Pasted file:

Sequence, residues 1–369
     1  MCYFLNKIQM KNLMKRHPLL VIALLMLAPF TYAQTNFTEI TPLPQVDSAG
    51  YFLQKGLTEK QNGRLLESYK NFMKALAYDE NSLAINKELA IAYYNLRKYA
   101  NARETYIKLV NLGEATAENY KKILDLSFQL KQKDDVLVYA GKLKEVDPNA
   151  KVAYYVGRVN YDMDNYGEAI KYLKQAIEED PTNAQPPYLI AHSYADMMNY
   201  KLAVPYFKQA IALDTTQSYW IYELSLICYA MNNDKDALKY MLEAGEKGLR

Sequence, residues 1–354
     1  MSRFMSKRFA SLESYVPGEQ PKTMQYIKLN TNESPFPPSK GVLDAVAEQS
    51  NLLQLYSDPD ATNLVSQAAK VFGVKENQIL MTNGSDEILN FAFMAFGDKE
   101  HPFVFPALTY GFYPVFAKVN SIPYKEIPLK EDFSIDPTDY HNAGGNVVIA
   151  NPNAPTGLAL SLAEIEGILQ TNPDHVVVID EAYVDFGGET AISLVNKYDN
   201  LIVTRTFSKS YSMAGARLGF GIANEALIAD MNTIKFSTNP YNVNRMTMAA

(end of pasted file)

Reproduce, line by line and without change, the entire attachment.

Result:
Sequence, residues 1–369
     1  MCYFLNKIQM KNLMKRHPLL VIALLMLAPF TYAQTNFTEI TPLPQVDSAG
    51  YFLQKGLTEK QNGRLLESYK NFMKALAYDE NSLAINKELA IAYYNLRKYA
   101  NARETYIKLV NLGEATAENY KKILDLSFQL KQKDDVLVYA GKLKEVDPNA
   151  KVAYYVGRVN YDMDNYGEAI KYLKQAIEED PTNAQPPYLI AHSYADMMNY
   201  KLAVPYFKQA IALDTTQSYW IYELSLICYA MNNDKDALKY MLEAGEKGLR

Sequence, residues 1–354
     1  MSRFMSKRFA SLESYVPGEQ PKTMQYIKLN TNESPFPPSK GVLDAVAEQS
    51  NLLQLYSDPD ATNLVSQAAK VFGVKENQIL MTNGSDEILN FAFMAFGDKE
   101  HPFVFPALTY GFYPVFAKVN SIPYKEIPLK EDFSIDPTDY HNAGGNVVIA
   151  NPNAPTGLAL SLAEIEGILQ TNPDHVVVID EAYVDFGGET AISLVNKYDN
   201  LIVTRTFSKS YSMAGARLGF GIANEALIAD MNTIKFSTNP YNVNRMTMAA